Early childhood teachers’ concept mediation during storybook reading and extra-textual talk with young children
1.1 Social, cultural, linguistic and educational mediation
Paper in a Symposium (Symp)
2:10 PM, Mardi 29 Août 2017 (40 minutes)
Convention Center - 2103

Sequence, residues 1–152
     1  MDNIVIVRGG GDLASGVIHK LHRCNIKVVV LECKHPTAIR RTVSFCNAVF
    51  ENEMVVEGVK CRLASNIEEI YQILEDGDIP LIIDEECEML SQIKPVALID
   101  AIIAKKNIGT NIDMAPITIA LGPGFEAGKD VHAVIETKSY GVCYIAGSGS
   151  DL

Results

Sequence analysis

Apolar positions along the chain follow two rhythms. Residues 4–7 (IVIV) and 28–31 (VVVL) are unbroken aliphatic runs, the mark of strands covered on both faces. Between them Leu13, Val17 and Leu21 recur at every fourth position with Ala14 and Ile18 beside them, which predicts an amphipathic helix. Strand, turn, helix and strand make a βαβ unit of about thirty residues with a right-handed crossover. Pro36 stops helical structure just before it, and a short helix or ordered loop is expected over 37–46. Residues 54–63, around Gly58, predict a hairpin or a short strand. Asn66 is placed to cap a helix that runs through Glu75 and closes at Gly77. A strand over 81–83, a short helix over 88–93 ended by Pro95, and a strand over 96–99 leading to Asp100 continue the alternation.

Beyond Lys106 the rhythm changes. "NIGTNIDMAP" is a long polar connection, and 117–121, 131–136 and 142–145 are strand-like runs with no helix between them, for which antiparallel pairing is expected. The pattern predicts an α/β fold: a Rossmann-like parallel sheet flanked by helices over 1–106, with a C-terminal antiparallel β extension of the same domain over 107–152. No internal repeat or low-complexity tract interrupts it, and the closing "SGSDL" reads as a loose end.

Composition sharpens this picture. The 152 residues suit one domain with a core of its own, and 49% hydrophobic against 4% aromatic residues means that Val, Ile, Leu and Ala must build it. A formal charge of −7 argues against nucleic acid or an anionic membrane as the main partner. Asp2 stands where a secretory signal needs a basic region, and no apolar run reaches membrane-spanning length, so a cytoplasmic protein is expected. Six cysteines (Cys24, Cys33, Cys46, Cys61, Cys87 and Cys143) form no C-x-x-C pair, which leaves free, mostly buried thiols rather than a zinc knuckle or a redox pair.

The dialectic relationship between language and thinking was illustrated by Vygotsky. He outlined childhood processes of how language mediates learning. Children first verbalise and negotiate ideas using egocentric dialogue as a means of internally collaborating with their own thinking. Children then employ socialised dialogue with others to verbally negotiate ideas and meaning. Finally, children utilise an inner dialogue signifying internalisation of knowledge and conceptual understanding. Vygotsky argued that “Language arises initially as a means of communication between the child and the people in his environment. Only subsequently, upon conversion to internal speech, does it come to organise the child’s thought, that is, become an internal mental function” (1987, p.89). Thus, all higher mental functioning occurs within some dialogic encounter with self and other and passes through these planes of cognitive development as language acquisition and use transform how children think. This paper explores these mediated processes of language and thinking towards higher mental functioning. It seeks to understand mediating interactions during adult-child conversations about shared experiences leading to conceptual talk where children verbalise their thinking with an adult who mediates the conversation in ways that shift a child’s thinking beyond current understandings. Vygotsky believed "the central fact about our psychology is the fact of mediation’’ (1997, p. 138) through culturally derived sign systems as semiotic tools that collectively mediate cognitive development within intersubjective “interpsychological” interactions. To investigate these processes the data is analysed using two Vygotskian lenses of cognitive psychology – the relation between thought and language (1987), and the processes of children’s thinking shifting from concrete to more abstract conceptualisations – everyday and scientific concept formation (1987). Sociocultural views of learning inform Te Whāriki, Aotearoa New Zealand’s early childhood curriculum framework (MOE, 1996), which sees thinking and knowledge creation as mediated, shared encounters, practised within the socialised ways of a community through the collective cultural tools of language, artefacts, relationships and settings. In this sense, dialogue and mediation work together as profound social processes that might foster progression in children’s thinking (Vygotsky, 1987). Close examination of teacher-child conversations and teachers’ mediation of conceptual talk is timely in light of the accumulating empirical evidence in Aotearoa New Zealand research-to-date revealing that there are few language-rich interactions between teachers and children where children have opportunities to verbalise and negotiate their thinking with adults. This is the case despite explicit statements in the curriculum goals for frequent opportunities for children to engage in conversations with their teachers, (e.g., Meade, et al., 2012). These findings are consistent with international research, and indicative of gaps in teachers’ pedagogical knowledge and practice to realise opportunities for extending young children’s language and thinking during conversations (e.g., Sylva, Melhuish, Sammons, Siraj-Blatchford & Taggart, 2010). The wider study this paper draws from is located in Aotearoa New Zealand. It used a qualitative case study methodology and methods including observation and video recording of various teacher-child shared storybook interactions. Video-stimulated recall was used during one to one interviews with teachers. This paper presents some preliminary findings in relation to Vygotsky’s aforementioned theories and relevant contemporary literature. It argues that Vygotsky’s claims have resonance and value with 3-5-year-olds’ concept development during storybook conversations with their teachers. These findings highlight the mediating role of teachers and language in framing concepts for conscious consideration to enable shifts in thinking. New insights into Aotearoa New Zealand’s early childhood pedagogical research base in the specific area of shared storybook reading and extra-textual talk to support concept mediation are presented.